Ethnicity, Race, and Identity in Genealogy Media
How popular media cultivates genealogy but buries its cultural context
In recent years, the media has attributed the increasing numbers of people producing family trees to the aging of baby boomers, a sense of mortality, a proliferation of internet genealogy sites, and a growing pride in ethnicity. A spate of new genealogy-themed television series and internet-driven genetic ancestry testing services have now emerged, capitalizing on the mapping of the human genome in 2003. This genealogical trend poses a need for critical analysis, particularly along the lines of race and ethnicity.
In contextual ways, as she intersperses an account of her own journey chronicling her Italian and Italian American family history, Christine Scodari lays out how family historians can understand intersections involving race and/or ethnicity and other identities inflecting families. Through engagement in and with genealogical texts and practices, such as the classic television series Roots, Ancestry. com, and Henry Louis Gates’s documentaries, Scodari also explains how to interpret their import to historical and ongoing relations of power beyond the family. Perspectives on hybridity and intersectionality gesture toward making connections not only between and among identities, but also between localized findings and broader contexts that might, given only cursory attention, seem tangential to chronicling a family history.
Given current tools, texts, practices, cultural contexts, and technologies, Scodari’s study determines whether a critical genealogy around race, ethnicity, and intersectional identities is viable. She delves into the implications of adoption, orientation, and migration while also investigating her own genealogy, examining the racial, ethnic experiences of her forebears and positioning them within larger, cross-cultural contexts.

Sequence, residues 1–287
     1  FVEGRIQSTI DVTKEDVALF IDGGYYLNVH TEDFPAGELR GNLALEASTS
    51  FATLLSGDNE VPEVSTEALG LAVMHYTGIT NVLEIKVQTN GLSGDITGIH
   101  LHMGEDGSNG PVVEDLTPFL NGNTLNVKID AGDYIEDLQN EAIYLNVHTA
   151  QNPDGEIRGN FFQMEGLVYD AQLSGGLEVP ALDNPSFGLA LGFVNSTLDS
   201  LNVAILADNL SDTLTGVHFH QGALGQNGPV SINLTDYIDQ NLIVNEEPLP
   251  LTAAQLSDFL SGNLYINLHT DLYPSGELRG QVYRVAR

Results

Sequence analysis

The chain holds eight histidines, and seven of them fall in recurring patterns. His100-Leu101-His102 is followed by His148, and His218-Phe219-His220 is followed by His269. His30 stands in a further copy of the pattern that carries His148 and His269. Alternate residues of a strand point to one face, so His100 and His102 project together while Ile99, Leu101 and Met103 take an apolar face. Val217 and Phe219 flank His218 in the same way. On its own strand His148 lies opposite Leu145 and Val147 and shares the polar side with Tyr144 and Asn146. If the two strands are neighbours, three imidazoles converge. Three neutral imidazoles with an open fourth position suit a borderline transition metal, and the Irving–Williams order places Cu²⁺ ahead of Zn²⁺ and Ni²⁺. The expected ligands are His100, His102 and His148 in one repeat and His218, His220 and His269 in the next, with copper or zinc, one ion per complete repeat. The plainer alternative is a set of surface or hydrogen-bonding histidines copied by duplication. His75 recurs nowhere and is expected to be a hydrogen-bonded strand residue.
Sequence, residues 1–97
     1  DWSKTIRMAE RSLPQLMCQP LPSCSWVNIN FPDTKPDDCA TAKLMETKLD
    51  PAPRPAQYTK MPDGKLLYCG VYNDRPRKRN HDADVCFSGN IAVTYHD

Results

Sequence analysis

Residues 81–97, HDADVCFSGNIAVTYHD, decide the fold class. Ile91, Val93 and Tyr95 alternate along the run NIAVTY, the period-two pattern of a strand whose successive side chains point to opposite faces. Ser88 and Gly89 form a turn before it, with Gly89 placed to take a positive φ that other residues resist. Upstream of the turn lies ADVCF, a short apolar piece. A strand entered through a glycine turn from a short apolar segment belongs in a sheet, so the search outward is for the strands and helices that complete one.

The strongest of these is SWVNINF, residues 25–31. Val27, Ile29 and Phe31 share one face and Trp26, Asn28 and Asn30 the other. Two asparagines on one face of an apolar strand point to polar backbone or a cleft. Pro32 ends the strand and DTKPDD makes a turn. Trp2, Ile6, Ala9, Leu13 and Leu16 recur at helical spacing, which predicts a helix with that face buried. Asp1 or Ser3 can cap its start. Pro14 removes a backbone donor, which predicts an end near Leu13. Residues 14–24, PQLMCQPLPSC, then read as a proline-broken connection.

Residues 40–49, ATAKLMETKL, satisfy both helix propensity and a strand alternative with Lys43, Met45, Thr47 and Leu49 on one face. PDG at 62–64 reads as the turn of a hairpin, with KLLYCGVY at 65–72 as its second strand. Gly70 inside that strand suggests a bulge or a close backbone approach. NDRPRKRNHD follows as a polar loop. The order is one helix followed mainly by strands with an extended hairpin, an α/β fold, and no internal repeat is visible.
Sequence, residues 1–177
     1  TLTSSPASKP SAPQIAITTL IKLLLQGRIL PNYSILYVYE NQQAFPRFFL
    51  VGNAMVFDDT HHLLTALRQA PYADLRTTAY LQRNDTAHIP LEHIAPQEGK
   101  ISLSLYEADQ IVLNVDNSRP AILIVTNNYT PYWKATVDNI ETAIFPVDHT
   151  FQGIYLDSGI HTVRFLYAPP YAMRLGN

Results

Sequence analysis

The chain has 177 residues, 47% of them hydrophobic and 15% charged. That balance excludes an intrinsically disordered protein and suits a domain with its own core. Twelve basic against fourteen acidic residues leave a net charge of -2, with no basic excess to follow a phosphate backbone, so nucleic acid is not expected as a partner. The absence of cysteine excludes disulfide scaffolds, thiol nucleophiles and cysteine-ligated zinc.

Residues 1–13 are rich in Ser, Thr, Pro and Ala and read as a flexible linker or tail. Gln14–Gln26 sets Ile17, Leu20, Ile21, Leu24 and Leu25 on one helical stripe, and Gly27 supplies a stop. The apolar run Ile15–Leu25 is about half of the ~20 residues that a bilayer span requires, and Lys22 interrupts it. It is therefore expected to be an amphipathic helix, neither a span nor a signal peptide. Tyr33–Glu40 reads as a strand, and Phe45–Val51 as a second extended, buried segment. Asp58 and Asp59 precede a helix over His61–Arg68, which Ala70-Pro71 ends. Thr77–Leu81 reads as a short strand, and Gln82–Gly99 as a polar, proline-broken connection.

There is little research on genealogical media in relation to race and ethnicity. Thus, Scodari blends cultural studies, critical media studies, and her own genealogy as a critical pursuit to interrogate issues bound up in the nuts-and-bolts of engaging in family history.
This slim, engaging volume tracks the development and spread of practices related to genealogies using an autoethnographic, textual approach. Scodari (media and women’s studies, Florida Atlantic Univ. ) makes the case for conducting family histories in her role as a scholar, tracing how her interest emerged. While providing an overview of the major impetuses, players, and trends in genealogy, the book also interrogates their precepts. Popular engagement with family history can preclude a critical stance, which is why an autoethnographic, theoretically grounded approach to a genealogical excavation merits interest. Four chapters address media representations and practices. In two others Scordari emphasizes ‘race, ethnicity, and intersectional identities’ in the areas of ‘family history television’ and ‘genealogy television migration narratives,’ along with related practices and texts. The remaining two chapters deal with ‘identity and genetic ancestry’ in either ‘digital media’ or ‘genealogy television. ’ By way of pointing up certain critical trajectories and applying practices, methods, and discoveries to her own life history, Scodari models the ways students can engage their own genealogies. The pointed critique of these practices is self-reflexive without being stymieing, certainly an aspiration for undergraduate research. Useful for collections in history, American studies, ethnic studies, and anthropology.- E. Pappas, University of Virginia, CHOICE, February 2019, Vol. 56 No. 6
People have always been interested in who they are and where they come from, and thus genealogical study holds great fascination. In her short and remarkable book, Christine Scodari places the historic journey of her own Italian family into a larger context, shedding light on genealogical theory; personal, social, and immigration history; religious practices; and gender, class, and race issues. She also unlocks the secrets behind the popularity of celebrity genealogy shows and explores ways in which the social hierarchies that begin in one’s own family reflect past generations as well as modern times. Her book will appeal to anyone wanting to better understand connections between family and culture.- Kathy Merlock Jackson, editor of Walt Disney: Conversations and the Journal of American Culture and vice president/president-elect of the Popular Culture Association/American Culture Association